I saw the ad for “Ryan Ryan Musikwentuhan” only a week before the show. And I thought: This one I want to see.
Ryan Cayabyab is one of my all time music heroes.
My mom knew his mom, Celerina Pujante, who, like Mama, was a celebrated soprano. They both taught at the UP Conservatory of Music. Ryan was six when she passed away. They say she didn’t want him to go into music.
The show was held at the Globe Auditorium of Maybank Performing Arts Theater. It was billed as “an intimate tribute to honor Maestro Ryan Cayabyab, our National Artist for Music.” And it was all that.
We were regaled with funny personal anecdotes. We listened to his songs. There was laughter. And many were moved to tears.
There was no symphony orchestra. No drum roll. No curtain. No props. No special effects in the lights or sound. No contrived drama.
It was not a production spectacle. Not by a stretch. There were no sets. Costumes were ordinary. The artists wore normal clothes. Some seemed dressed up for a party, others looked like they were ready to go to school or a movie or the mall. It was not important what they wore.
Of course, for her number, the irrepressible, inimitable Pilita wore a sparkly, slinky black gown with a high slit. Like I said, normal attire.
So many missed out
I was sad to see that the venue was not filled to the rafters. It was a good crowd but it should have been SRO. I would have loved seeing people stand in line, elbowing one another for space, craning their necks for a better view, maybe even buying scalped tickets just to get inside. I am sorry that so many missed it.
But it was crowded on that stage. Some of the biggest names on any marquee came forth to salute and pay homage. They performed his music. They told their own “Ryan kwento” and expressed love and deep respect and maybe even awe for the composer, director, writer, friend, mentor and today, our National Artist for Music.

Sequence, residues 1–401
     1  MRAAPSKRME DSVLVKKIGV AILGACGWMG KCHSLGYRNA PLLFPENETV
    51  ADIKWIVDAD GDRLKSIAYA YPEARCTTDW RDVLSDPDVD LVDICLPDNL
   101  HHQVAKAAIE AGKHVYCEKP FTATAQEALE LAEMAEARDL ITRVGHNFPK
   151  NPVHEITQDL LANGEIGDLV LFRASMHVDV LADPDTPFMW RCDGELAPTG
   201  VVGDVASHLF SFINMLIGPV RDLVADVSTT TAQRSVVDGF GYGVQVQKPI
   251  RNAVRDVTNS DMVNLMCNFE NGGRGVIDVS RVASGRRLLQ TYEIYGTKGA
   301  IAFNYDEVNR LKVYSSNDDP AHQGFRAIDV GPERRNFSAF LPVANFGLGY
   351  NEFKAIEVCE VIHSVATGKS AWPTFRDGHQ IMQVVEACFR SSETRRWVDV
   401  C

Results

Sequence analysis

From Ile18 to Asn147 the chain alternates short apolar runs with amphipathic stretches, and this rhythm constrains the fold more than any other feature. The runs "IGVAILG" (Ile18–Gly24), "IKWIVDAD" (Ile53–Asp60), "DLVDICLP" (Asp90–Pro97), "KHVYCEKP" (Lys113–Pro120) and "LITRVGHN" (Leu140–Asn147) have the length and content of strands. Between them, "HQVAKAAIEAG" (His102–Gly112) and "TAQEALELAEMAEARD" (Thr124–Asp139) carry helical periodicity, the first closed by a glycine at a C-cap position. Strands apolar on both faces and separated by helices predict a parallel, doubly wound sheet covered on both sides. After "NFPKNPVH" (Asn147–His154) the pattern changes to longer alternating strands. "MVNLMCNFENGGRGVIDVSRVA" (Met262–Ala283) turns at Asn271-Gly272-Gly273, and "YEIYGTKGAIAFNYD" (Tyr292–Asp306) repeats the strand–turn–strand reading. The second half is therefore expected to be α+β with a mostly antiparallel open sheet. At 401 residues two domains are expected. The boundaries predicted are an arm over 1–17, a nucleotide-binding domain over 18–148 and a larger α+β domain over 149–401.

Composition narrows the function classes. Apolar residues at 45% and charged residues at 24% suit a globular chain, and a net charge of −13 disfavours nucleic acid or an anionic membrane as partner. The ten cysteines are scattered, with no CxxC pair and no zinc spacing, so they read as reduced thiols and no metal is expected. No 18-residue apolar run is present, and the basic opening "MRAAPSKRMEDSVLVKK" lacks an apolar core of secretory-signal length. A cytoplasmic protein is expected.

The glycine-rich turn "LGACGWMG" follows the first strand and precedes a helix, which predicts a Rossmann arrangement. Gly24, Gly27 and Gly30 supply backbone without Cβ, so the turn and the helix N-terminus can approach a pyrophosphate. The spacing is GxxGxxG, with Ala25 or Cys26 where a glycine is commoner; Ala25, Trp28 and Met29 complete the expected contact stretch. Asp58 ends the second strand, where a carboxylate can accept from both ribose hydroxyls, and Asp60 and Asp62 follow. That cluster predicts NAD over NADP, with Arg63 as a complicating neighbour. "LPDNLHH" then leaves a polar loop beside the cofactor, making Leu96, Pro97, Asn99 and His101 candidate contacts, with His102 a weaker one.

Every accolade they offered was well-deserved, and in my humble opinion, even the superlatives fell a tad short of the man’s genius.
But it was, like the organizers had planned it, “a sincere expression of gratitude.” And more.
I hear a repeat may be in the works. Sadly, the spontaneity and sincerity of that one special night of tribute will be impossible to duplicate.
Maribel Garcia, head of content for the BGC Arts Center who hosted the undertaking, paid her own tribute to the artists.
“We are in awe of the Filipino artists, their mettle and imagination. The power they unleash all find their way in our lives in ways that do not move stock markets or bank accounts. Instead they take sublime paths. They reshape our souls so that we can bend and ride the seasons of our lives. That is a running debt we owe our artists. Without them, we will decay before it is time.
“That is why ‘Kay Ganda ng Ating Musika’ is a currency of the Filipino soul. That is why Maestro Ryan Cayabyab is a national treasure. That is why we are extremely honored to produce this tribute for him.”
I heard a lady raving about the show say this: “Every Filipino searching for his soul, should have been here.”
Because only in the heart of Cayabyab’s music and the patent admiration and respect that each artist on that stage displayed for him, was it possible to find sentiments untouched by the deceit and duplicity in the world today.
We found a welcome respite and solace away from the arid and putrefied environment of greed and ego that prevails.
Thank you, Ryan. I believe many of us found our soul that night. We sat there mesmerized for three hours.
Yes, it was a long show. But no one seemed to mind. No one was restless. We loved the taste of our first glimmer of hope. We felt the commitment and dedication of each artist. We saw integrity of unknown dimension, a total giving of time and talent for the sake of and in gratitude for the music. That night, as far as everyone was concerned, the spotlight belonged to nobody else but Cayabyab.
The only headliner was Mr. C. As a result, every single one of them on that stage shone brighter than a star.
For the finale, the National Artist himself came down to join his friends and took on his favorite role, as a “musikero” at the piano. And we all sang our hearts out as he played “Kay Ganda ng Ating Musika.” Bravo, Mr. C! And thank you!
A kind man
I have been reading such wonderful stories about the late Henry Sy Sr.; how he grew from an ordinary shoe seller to a globally acclaimed retail business tycoon, a philanthropist and the richest man in Asia.
I remember the early ShoeMart. I thought shoes fell from the sky. They had a unique system. It was efficient. Flawless.
Great things have been said about Henry Sy. One description stands out for me. A colleague said, “He was a kind man.”
What an amazing thing to be known for. Kindness: such a rarity in the world today. Everything else pales in comparison.